Friday 21 September, 2018

LIAT CEO recommends the removal of in-transit taxes

LIAT CEO Julie Reifer-Jones is proposing the removal of the airline's in-transit taxes, describing the regional airports' use of them to generate revenue as "counterproductive". 

In an interview with Antigua's Observer AM on Monday, Reifer-Jones explained that although she understood the need to sustain the airports, the high cost of airfare as a result of said taxes is a more pressing issue. 

“What we observed is that the airports in the region are generally using travel as a way of generating revenue to sustain the airport, but it is at the point now where it is counterproductive, because the proportion of the ticket that is taxed is way too high to stimulate travel in the region,” she said.

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Reifer-Jones went on to say that one of the ways to resolve this issue could be the elimination of the in-transit taxes. Transit duty, or transit tax, is a tax levied on commodities passing through a customs area en route to another country.

“A first step could be to remove the in-transit taxes that we accumulate moving throughout the region. That’s one of the taxes that would be more important to LIAT because so many of our passengers fly more than one sector, and basically a lot of the routing through, be it Barbados, St. Vincent or Antigua, is that we are trying to connect the region and not just that the passenger wants to go there,” she said.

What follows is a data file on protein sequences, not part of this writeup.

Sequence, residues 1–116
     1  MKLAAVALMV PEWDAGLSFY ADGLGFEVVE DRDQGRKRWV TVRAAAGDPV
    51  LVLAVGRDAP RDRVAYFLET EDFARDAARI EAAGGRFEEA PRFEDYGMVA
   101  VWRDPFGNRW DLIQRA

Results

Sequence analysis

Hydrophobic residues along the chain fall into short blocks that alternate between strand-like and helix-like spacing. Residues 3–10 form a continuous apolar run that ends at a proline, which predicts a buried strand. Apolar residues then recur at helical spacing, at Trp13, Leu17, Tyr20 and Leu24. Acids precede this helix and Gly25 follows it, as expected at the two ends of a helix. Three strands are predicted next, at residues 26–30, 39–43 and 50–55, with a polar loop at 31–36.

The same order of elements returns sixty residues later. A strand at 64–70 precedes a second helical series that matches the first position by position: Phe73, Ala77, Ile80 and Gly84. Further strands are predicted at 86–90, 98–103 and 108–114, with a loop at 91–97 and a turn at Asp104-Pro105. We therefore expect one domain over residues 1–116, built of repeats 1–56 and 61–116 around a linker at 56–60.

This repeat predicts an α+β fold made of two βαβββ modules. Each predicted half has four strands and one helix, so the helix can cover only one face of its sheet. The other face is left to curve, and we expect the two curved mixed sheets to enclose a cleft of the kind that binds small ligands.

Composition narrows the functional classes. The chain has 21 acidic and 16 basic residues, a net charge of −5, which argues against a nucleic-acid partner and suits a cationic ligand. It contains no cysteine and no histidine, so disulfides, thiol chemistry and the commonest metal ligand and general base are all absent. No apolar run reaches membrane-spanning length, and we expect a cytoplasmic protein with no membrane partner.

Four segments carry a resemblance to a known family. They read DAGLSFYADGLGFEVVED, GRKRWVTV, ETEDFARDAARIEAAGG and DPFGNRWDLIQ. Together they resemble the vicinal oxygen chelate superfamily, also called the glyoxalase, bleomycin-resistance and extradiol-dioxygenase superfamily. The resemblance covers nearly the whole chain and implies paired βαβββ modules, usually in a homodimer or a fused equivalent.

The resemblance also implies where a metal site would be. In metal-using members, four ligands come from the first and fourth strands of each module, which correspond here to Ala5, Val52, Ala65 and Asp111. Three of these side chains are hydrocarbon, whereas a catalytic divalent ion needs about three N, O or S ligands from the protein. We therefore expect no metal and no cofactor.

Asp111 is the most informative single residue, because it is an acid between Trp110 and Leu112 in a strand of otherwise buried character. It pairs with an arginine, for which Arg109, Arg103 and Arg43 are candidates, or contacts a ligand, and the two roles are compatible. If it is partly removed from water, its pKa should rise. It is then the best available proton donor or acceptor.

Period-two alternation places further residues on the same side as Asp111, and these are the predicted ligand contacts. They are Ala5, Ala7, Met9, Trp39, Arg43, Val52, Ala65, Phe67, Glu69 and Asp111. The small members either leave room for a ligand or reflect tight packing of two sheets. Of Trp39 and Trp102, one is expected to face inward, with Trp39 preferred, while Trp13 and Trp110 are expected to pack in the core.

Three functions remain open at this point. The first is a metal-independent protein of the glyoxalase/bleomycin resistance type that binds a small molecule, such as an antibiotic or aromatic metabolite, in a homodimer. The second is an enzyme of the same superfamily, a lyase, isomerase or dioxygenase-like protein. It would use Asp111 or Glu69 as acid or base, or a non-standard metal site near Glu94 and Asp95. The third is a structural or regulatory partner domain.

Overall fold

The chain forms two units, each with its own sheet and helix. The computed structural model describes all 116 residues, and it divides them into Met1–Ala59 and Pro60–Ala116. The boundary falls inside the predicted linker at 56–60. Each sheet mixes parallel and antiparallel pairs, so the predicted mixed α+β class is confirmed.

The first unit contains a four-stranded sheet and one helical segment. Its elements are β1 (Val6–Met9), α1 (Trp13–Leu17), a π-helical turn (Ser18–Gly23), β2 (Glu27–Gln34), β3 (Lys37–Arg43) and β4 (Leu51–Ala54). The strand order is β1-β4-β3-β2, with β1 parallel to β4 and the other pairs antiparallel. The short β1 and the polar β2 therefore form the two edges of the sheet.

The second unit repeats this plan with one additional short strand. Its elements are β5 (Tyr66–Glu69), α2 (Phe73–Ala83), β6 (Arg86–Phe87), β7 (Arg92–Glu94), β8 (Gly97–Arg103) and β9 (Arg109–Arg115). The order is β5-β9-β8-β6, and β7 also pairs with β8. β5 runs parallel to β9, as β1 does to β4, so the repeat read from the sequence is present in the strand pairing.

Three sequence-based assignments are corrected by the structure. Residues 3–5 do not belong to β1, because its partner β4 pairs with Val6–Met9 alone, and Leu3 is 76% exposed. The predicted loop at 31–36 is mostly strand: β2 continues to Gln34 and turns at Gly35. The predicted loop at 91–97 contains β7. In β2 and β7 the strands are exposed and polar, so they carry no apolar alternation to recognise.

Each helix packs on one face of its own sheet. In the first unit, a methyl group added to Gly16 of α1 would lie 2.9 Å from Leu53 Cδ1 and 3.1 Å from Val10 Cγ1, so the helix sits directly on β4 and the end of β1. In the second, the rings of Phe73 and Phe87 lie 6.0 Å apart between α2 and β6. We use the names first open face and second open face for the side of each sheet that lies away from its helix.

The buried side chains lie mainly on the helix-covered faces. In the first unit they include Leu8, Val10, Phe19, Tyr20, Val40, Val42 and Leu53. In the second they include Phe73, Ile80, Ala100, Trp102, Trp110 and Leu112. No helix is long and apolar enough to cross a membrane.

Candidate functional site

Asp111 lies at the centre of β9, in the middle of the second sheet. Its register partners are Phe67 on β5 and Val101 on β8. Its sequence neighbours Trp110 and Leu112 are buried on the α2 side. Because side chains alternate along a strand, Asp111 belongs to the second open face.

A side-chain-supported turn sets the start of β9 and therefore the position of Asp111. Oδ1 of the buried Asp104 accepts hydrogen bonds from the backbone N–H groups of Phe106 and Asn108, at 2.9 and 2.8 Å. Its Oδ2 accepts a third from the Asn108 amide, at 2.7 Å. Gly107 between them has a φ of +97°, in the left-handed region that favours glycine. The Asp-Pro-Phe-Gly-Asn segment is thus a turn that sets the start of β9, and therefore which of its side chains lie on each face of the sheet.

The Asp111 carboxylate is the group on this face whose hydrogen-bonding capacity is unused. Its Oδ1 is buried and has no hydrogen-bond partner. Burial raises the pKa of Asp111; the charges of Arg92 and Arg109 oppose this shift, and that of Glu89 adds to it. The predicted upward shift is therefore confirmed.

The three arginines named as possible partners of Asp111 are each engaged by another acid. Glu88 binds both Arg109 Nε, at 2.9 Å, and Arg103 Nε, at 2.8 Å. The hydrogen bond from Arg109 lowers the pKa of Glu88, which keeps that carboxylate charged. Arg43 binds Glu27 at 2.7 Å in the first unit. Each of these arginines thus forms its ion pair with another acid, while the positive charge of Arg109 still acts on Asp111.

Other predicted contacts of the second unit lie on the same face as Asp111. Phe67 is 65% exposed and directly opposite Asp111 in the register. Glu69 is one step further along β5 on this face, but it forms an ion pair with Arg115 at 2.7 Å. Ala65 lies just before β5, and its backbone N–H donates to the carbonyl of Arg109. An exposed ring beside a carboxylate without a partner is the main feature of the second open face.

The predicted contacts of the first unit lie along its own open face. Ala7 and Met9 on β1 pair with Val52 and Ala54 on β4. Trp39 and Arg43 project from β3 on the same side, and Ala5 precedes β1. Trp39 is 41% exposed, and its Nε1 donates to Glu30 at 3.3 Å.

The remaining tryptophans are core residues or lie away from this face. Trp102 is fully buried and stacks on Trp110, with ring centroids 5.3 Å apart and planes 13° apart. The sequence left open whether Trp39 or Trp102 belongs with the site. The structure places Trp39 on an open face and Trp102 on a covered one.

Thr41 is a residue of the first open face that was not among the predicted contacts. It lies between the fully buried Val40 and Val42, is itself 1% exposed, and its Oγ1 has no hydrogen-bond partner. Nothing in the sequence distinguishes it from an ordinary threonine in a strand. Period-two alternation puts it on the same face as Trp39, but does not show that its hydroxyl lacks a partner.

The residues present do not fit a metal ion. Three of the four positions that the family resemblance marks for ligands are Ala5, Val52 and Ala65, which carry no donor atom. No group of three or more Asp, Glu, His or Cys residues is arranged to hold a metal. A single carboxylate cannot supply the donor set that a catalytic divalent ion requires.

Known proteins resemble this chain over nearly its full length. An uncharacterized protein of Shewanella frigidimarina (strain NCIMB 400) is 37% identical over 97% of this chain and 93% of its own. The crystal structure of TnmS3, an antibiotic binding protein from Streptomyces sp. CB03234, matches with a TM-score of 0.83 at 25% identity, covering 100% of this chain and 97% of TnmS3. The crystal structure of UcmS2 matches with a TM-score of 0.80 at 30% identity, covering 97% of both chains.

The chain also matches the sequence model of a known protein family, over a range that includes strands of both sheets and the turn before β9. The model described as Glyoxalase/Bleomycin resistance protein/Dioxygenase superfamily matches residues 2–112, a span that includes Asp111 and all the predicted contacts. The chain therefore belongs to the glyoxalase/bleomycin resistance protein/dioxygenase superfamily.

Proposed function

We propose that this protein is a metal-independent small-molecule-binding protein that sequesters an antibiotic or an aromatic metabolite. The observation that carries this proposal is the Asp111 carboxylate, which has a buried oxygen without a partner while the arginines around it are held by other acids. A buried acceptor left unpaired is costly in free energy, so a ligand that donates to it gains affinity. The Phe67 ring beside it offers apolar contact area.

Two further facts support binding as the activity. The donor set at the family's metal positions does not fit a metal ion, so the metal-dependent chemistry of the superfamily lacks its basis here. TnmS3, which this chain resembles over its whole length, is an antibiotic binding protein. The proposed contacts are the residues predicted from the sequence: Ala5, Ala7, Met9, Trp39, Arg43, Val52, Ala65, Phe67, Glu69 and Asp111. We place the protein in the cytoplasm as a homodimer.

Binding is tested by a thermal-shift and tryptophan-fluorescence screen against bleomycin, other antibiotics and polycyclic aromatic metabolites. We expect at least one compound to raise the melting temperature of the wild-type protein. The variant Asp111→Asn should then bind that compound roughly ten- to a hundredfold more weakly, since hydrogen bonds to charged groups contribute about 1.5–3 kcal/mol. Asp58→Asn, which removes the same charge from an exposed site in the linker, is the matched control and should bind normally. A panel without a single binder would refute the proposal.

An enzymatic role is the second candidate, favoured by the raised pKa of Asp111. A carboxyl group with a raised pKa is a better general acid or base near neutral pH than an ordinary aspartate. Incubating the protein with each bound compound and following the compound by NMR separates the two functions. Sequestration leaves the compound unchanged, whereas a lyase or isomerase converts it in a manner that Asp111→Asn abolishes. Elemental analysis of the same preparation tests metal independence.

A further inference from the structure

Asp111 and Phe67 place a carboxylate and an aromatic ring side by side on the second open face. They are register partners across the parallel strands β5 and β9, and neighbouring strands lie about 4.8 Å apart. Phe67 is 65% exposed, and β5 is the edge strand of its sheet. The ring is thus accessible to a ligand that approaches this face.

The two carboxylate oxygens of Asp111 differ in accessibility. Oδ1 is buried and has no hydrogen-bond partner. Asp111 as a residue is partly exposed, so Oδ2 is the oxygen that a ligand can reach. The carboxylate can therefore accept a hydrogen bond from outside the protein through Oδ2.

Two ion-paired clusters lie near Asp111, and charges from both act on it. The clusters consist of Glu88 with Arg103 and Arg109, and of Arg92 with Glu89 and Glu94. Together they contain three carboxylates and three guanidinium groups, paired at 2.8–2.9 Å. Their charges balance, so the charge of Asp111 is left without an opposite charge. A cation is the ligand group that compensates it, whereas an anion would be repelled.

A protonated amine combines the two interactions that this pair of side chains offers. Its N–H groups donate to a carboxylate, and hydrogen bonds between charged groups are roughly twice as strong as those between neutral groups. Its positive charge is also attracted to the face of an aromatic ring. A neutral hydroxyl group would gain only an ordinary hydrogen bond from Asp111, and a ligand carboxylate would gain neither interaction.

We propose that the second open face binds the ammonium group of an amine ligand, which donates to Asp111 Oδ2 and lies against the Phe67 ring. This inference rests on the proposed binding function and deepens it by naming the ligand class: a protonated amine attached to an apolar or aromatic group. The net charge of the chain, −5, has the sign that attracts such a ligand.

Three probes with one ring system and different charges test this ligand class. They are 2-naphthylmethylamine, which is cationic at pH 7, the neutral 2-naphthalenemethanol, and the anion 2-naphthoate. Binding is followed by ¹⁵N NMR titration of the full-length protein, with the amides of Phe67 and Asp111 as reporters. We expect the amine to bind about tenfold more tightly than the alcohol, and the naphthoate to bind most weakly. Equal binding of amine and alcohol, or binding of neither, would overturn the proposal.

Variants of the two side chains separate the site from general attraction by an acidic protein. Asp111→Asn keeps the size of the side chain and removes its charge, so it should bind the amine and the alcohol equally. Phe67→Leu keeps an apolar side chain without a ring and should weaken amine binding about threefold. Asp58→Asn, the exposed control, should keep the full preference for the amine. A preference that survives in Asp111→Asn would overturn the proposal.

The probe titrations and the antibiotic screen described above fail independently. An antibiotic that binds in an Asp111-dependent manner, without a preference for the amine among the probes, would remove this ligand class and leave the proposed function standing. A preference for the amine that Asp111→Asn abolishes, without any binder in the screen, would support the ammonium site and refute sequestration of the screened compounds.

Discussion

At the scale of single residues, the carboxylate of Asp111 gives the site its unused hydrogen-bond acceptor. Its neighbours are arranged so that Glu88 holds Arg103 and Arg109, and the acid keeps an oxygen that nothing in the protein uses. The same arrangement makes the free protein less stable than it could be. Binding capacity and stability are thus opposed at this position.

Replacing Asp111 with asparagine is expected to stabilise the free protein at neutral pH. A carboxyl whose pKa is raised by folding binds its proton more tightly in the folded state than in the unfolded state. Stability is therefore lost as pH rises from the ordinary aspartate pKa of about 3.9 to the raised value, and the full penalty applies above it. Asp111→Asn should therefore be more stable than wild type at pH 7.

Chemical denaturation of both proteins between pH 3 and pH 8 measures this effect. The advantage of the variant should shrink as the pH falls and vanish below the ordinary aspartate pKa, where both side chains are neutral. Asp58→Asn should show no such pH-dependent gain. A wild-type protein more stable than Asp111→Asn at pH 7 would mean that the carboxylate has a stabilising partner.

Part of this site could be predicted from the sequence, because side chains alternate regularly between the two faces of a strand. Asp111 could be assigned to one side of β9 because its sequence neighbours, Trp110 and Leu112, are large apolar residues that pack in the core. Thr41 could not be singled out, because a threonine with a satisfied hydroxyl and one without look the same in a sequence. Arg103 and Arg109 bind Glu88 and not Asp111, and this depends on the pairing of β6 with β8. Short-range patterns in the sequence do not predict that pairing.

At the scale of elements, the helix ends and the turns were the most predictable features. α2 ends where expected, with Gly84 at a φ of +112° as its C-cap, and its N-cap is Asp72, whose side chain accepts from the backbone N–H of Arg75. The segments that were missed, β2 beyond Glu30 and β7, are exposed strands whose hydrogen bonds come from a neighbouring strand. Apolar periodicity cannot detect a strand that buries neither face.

A number of territories have indicated that they are willing to “commit” to an adjustment in the taxes, she said.

She highlighted that the matter had previously come up for discussion but is being “more widely” discussed now. 

“This is not an easy issue for the governments, but I would say that there is more acknowledgement, that there is an issue to be addressed and it is a more robust discussion than it has ever been and it is including a wider range of territories,” she stated.

Two recent studies, one by the Caribbean Development Bank (CDB) and the International Air Transport Association (IATA), and the other by CDB and LIAT, showed that there was a decline in regional travel, but growth in extra-regional travel. Both studies alluded to the fact that there was a need to address the taxes.

“What you are doing is that you are creating an environment where people feel that they prefer to travel overseas than to travel within the region to experience some of the same things that you would go overseas to experience,” the CEO said.